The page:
Skinny Girl Diet/Ethical Debating Society, Split 7″ EP, HHBTM Records
When exactly did riot grrrl die again? Someone said it was in 1994, when it got too big and disillusioned. Some say it was when Bikini Kill broke up. Some say it was as soon as it began; a star too bright it obviously had to fade away. Why do things have to die? Can’t they rise and fall, hibernate for a few years and then re-emerge in a new form ready to fit into the time, culture and political landscape they find themselves in. In an age where Pussy Riot proudly declare themselves riot grrrls and the 90’s – and everything that came along with it including terrible comedy rap songs – is cool again, it is safe to say that riot grrrl is alive, fierce and focused on the road ahead.
Emerging from this ongoing but ever changing scene are Skinny Girl Diet and The Ethical Debating Society, two London-based punk outfits who have been wowing everyone that dares to watch them court the stage. We don’t know exactly how the two bands decided to get together but TGA assumes that they were both so impressed by each other and obviously aware that not many other bands around could match them, they would have to unite to show everyone else exactly how it’s done.
The single starts out with all girl teenage punk gang, Skinny Girl Diet and their track ‘DMT’ which sounds like a frantic tale of broken teenage friendships. That kind you only have at a certain age, when you’re so close you feel like one person but also, one person who you would slap the hell out of if they borrowed your mascara. ‘Homesick’ rushes on at lightening fast pace and you can tell the girls find the rush, noise, screaming and shouting all-consumingly cathartic. The mono toned vocals with a tinge of an American accent make the girls sound like the lovechild of downbeat rocker, Mary Timony and Queen of grunge herself, Courtney Love.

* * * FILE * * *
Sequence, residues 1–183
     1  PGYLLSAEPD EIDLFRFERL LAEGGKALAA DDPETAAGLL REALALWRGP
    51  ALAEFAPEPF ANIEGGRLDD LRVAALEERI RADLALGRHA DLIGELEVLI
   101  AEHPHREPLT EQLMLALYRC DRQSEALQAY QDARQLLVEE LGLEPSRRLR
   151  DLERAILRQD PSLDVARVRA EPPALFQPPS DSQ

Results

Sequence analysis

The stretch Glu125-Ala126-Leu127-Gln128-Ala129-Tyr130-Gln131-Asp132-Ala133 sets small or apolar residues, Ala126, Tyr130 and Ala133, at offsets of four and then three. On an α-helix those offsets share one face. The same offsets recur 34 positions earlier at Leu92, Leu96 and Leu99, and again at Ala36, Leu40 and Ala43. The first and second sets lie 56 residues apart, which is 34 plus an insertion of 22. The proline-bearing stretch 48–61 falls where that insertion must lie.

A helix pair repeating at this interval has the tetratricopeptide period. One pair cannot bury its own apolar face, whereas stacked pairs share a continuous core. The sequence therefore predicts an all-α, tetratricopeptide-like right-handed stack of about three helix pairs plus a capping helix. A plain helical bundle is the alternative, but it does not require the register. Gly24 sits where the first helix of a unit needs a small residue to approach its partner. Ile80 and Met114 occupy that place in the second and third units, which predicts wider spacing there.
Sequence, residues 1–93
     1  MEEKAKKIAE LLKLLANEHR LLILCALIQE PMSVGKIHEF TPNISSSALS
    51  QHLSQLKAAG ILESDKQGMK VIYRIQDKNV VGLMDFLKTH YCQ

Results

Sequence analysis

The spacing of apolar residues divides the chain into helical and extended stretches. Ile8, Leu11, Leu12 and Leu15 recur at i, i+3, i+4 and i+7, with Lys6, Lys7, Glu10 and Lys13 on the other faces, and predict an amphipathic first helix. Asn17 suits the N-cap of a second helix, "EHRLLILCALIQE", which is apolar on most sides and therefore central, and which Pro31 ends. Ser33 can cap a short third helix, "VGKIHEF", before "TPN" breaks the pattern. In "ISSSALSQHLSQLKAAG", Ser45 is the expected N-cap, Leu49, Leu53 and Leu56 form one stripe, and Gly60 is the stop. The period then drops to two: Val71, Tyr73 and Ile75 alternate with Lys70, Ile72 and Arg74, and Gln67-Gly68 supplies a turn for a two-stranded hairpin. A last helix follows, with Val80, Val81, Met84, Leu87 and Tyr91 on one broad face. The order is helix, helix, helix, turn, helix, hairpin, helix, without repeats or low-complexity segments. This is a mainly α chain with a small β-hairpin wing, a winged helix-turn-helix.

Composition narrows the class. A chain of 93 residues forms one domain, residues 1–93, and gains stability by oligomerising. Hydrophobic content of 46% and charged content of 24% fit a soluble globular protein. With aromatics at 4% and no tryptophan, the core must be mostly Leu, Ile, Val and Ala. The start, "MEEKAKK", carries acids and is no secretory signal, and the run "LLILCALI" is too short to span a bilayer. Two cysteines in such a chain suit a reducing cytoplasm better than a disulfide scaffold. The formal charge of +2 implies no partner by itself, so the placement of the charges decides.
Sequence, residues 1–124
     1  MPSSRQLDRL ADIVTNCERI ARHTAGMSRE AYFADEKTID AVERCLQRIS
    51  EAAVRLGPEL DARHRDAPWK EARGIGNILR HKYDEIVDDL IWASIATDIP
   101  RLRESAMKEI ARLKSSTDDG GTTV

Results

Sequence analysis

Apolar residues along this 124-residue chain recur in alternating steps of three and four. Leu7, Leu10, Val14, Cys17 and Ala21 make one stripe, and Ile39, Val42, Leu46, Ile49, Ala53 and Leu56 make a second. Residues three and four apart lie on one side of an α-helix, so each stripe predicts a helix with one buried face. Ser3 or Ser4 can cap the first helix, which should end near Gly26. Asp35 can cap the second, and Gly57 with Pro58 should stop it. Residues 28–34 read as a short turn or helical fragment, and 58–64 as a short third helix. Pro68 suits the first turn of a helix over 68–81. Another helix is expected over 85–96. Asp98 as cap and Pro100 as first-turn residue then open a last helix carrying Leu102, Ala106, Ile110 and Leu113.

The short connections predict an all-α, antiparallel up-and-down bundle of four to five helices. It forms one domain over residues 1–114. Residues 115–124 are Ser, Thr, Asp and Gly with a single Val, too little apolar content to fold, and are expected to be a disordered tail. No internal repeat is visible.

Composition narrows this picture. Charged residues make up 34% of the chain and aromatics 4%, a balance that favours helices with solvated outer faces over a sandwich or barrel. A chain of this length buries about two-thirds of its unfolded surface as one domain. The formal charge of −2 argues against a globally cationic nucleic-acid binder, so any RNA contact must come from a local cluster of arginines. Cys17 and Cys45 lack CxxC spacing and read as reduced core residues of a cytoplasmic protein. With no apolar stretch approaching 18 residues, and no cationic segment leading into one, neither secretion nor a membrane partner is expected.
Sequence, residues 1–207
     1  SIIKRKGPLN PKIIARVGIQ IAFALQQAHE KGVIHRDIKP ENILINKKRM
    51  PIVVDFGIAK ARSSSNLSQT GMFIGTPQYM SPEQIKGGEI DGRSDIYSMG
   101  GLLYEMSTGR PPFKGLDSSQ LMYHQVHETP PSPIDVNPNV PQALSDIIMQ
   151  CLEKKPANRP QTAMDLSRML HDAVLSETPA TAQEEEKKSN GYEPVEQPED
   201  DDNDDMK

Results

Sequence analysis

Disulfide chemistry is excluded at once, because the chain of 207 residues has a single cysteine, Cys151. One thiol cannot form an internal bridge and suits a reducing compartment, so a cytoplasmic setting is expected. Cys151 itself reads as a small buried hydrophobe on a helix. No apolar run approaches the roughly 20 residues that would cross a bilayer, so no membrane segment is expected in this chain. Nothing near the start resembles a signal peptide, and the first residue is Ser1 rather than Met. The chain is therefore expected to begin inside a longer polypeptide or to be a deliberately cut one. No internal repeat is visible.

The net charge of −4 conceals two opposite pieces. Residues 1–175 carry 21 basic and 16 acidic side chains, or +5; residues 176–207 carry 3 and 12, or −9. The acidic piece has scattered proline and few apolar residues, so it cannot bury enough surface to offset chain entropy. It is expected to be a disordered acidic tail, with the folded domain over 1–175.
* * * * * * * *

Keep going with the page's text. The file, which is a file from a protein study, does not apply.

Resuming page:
The Ethical Debating Society’s side of the single, ‘Child’s Play’ is a jittery riotous noise filled with cutting guitars and sneering vocals. ‘Creosote Ideas’ reminds us of an undiscovered Huggy Bear song complete with defiant girl/boy vocals. Pop is sometimes a dirty word in the alternative scene but you know what I’m gonna throw it out there; TEDS make great POP music and I’m not ashamed to say that. The catchy as hell riffs, melodies and lyrics that TEDS come together to make are some of the best pop songs, in my opinion. I’d much rather hear an over made up 17-year-old in a bad wig and too tight dress badly butcher this on a reality show than the usual crap they give them.
Ultimately, this single is a lively and riotous event that, coming in at just over 10 minutes long, gives a tiny glimpse of what both bands can offer. If you’ve been left with a gnawing, empty feeling in your stomach, that’s because you’re missing TEDS and SGD already. Now you have to go see them live.